Mission: Plausible

WMS 8th-grader correctly spells ‘plausible’ to win county spelling bee

Posted 2/2/19

“Plausible” is a word Addison Payne will never forget. Being able to correctly spell the word that means

“having an appearance of truth or reason; credible; believable” made her the …

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Mission: Plausible

WMS 8th-grader correctly spells ‘plausible’ to win county spelling bee


“Plausible” is a word Addison Payne will never forget.

Being able to correctly spell the word that means “having an appearance of truth or reason; credible; believable” made her the second Woodland Middle School eighth-grader in a row to be crowned Bartow County’s spelling bee champion.

Addison, 14, outspelled 15 other elementary and middle school representatives in grades 4-8 at the 59th annual Bartow County Spelling Bee Friday morning at the Clarence Brown Conference Center in Cartersville.

After five rounds of competition that took less than an hour, the new champ correctly spelled “proclamation” and “plausible” to win the title after runner-up Danica McFadden from Taylorsville Elementary misspelled “procedural.”

“It’s crazy,” Addison said. “When I won the school spelling bee [in December], I didn’t expect that, and then coming here, I was like, ‘You know, I just don’t want to be out first.’ And then first place, I was like, ‘Whoa.’ It’s crazy.”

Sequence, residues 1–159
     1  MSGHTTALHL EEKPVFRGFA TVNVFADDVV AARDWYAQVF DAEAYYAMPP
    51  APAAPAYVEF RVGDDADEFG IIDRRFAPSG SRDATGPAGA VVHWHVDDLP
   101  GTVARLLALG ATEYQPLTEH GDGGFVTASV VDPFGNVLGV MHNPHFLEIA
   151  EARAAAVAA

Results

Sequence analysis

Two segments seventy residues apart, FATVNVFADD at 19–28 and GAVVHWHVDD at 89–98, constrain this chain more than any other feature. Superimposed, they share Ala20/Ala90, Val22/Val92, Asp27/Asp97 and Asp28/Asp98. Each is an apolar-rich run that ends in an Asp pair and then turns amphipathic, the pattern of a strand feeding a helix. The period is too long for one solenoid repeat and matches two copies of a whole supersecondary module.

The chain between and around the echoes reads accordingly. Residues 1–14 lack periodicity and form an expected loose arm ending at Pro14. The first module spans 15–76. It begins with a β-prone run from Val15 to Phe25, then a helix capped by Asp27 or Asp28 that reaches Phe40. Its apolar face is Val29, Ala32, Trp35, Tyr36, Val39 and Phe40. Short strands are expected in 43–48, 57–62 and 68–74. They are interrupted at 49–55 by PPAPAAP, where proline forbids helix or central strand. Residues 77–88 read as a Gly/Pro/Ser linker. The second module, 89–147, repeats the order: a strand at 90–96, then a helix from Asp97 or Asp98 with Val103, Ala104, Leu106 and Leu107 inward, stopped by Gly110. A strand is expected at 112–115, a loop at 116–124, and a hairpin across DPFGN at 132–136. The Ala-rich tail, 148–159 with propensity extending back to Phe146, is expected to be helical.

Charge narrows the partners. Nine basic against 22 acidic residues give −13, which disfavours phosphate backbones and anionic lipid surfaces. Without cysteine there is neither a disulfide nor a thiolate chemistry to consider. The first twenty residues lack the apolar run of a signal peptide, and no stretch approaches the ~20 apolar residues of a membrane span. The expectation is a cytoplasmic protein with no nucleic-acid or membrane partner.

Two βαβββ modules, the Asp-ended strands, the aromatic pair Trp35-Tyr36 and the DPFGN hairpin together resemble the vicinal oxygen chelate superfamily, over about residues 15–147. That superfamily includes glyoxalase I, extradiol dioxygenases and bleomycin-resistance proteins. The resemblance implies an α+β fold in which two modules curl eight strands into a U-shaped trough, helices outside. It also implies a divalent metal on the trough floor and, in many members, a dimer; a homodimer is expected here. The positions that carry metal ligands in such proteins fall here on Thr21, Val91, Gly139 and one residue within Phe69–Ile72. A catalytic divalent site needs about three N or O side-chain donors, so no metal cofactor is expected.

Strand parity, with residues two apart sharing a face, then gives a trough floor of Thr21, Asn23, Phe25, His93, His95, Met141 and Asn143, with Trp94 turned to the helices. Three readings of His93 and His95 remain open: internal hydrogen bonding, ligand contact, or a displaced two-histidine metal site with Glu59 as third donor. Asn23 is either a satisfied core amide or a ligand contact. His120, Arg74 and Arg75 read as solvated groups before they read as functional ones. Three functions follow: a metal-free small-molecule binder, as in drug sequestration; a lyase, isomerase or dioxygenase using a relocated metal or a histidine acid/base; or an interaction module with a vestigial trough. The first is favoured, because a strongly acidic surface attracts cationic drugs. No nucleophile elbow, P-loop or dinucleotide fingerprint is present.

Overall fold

Competing for the first time on the county level, Addison said she was fortunate to be given words she knew.

“I got lucky with some of my words, very lucky, because most of them, whenever I got them, I knew how to spell them, but some of the other people’s words, I was like ‘uh-uh,’” she said. “I was back there trying to spell with them, and some of them I just, no.”

The daughter of Molly Payne and Rodney Payne said she got lists of words that were “categorized by their language of origin.”

“I worked 20 minutes every night studying the patterns between the different languages, like Greek has a lot of ‘ph’ sounds, and there’s other languages with a lot of double consonants and some with double vowels and some with really weird vowels,” the Euharlee resident said. “Japanese, a lot of their words end in ‘i.’ So it was just recognizing those patterns that was good to do.”

Addison, who had her mom and grandparents cheering her on, said she will continue studying the same way for the regional spelling bee scheduled for Saturday, Feb. 23, at Georgia Highlands College in Rome.

“And reading helps a lot with spelling, too, because you can recognize different words,” she said. “And reading signs. I like to read signs, too. And spelling everything. Anything and everything. My friends will give me words, and I’ll spell them so it’s just good to practice.”

Addison’s mom, who teaches at Taylorsville Elementary, said she’s “just super-proud she made it that far.”

“How do you spell ‘proud?’” she said. “We’ve been practicing these words, and I had discovered I’m not as smart as I thought I was because I can’t pronounce these words. In fact, a couple of times, she corrected me.”